Down With Shared Sacrifice

Muddled ideology leads to muddled rhetoric, which in turn leads to ineffective politics. This blog will periodically cite unfortunate examples.

Today's Exhibit A, sadly, is our president, who repeatedly calls for "shared sacrifice" in resolving the economic crisis and the related fiscal deficit. Though a call for shared sacrifice, in the hands of idiot pollsters, tests well at the level of civic platitude, in these economic times a Democrat should never simply call for shared sacrifice.

Why not? Because most Americans have sacrificed in advance--thanks to the recklessness of the financial elite. Regular people have lost income, jobs, trillions of dollars in the value of their homes and retirement savings. Millions of young adults who can't get traction in careers are back living with parents. Millions can't get or have lost health insurance. Isn't that enough shared sacrifice?

Oh, and bankers, with massive federal support, are doing better than ever. Where is their sacrifice?

You would think a progressive would get this intuitively, but the presidential wing of the Democratic Party is so loathe to articulate anything that can be disparaged as "class warfare" that Obama is reluctant to use clear, compelling language to defend the middle class against the extreme class warfare that has already been visited upon the vast majority of Americans.

On Friday, at Obama's most recent press conference, I thought I detected a learning curve. The president said, speaking of the need to include taxes on the well-off in a budget deal:

... This is not just a Democratic understanding; this is an understanding that I think the American people hold that we should not be asking sacrifices from middle-class folks who are working hard every day, from the most vulnerable in our society -- we should not be asking them to make sacrifices if we're not asking the most fortunate in our society to make some sacrifices as well. (emphasis added)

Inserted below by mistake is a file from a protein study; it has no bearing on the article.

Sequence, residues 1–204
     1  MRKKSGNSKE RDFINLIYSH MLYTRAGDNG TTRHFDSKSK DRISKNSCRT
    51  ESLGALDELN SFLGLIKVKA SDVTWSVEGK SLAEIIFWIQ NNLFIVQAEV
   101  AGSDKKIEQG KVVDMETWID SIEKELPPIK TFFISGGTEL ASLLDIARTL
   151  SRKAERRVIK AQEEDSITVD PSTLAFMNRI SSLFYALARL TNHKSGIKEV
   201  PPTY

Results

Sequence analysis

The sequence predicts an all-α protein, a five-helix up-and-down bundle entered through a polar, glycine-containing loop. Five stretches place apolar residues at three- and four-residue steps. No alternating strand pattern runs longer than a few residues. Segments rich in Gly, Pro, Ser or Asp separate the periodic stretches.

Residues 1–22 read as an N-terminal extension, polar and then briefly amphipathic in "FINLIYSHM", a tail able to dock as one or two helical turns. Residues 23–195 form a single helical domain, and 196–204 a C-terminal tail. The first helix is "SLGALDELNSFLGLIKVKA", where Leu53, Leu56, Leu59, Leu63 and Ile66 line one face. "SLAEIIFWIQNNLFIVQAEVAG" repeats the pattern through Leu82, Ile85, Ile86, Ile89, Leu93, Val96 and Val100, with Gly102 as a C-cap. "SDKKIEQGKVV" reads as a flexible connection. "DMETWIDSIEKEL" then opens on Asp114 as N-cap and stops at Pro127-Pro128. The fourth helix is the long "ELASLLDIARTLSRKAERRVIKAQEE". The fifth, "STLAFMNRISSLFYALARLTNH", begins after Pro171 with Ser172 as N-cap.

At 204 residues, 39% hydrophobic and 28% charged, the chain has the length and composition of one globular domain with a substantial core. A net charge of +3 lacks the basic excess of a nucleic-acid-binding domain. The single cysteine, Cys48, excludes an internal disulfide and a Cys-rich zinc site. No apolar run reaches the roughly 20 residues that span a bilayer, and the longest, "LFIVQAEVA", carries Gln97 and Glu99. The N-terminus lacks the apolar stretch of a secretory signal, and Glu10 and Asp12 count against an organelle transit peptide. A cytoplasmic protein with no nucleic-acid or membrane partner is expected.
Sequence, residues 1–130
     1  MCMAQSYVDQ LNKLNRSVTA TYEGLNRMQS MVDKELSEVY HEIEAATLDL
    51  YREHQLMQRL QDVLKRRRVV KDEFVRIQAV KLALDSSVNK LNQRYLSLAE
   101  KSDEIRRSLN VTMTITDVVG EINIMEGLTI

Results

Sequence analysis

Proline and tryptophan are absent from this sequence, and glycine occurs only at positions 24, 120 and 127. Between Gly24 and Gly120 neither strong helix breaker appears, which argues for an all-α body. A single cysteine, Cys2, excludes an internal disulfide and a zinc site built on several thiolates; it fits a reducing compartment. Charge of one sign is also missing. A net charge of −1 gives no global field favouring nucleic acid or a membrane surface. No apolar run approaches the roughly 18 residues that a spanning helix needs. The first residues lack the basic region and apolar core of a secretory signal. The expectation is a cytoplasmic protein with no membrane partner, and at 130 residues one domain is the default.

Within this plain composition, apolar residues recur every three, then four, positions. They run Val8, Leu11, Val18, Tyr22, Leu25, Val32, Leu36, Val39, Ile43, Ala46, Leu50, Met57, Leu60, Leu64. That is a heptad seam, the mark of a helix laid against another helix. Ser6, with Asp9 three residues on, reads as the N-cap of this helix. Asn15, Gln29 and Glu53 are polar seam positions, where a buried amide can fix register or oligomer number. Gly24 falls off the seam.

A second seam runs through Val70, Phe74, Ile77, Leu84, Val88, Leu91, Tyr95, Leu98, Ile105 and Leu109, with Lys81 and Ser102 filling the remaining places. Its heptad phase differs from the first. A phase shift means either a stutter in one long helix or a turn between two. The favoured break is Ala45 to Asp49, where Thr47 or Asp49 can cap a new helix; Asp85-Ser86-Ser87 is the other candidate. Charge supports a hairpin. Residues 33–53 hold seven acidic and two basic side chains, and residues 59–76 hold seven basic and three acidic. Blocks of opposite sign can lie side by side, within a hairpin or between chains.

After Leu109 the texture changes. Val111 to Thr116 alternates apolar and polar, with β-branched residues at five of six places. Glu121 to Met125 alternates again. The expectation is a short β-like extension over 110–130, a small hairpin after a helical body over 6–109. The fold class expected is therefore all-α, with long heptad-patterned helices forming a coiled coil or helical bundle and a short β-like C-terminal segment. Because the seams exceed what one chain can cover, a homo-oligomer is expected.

If you carefully parse this, the president deserves about a B-minus. He's saying that the middle class should make some sacrifices, but only if the "most fortunate" make some sacrifices, too. But why should the middle class make sacrifices at all? The very gentle language about class reflects Obama's fatal penchant for unity at all costs, coupled with a desire not to offend rich donors who are financing his prodigiously funded campaign.

Still, I thought the comments represented progress, because they made clear that some people have survived this collapse unscathed and should pay for some of the damage before asking ordinary Americans for further belt tightening.

But then came the Saturday radio address, and serious backsliding. Obama said:

I'm willing to compromise. I'm willing to do what it takes to solve this problem, even if it's not politically popular. And I expect leaders in Congress to show that same willingness to compromise. Simply put, it will take a balanced approach, shared sacrifice, and a willingness to make unpopular choices on all our parts. (emphasis added)

That gets a D-minus. It totally blows off the sacrifices that most people have already made, and allocates responsibility equally for a crisis brought on by reckless wealth.

Now, if you are inclined to cut Obama a lot of slack, you might blame the speechwriters and the likelihood that different handlers prepped him for the Friday press conference. But that alibi doesn't persuade. If the president had a clear inner compass, he'd notice the disjuncture and would not contradict himself so blatantly within the space of 24 hours.

Simple solution, or at least a good start: Banish the phrase "shared sacrifice" from Obama's lexicon.

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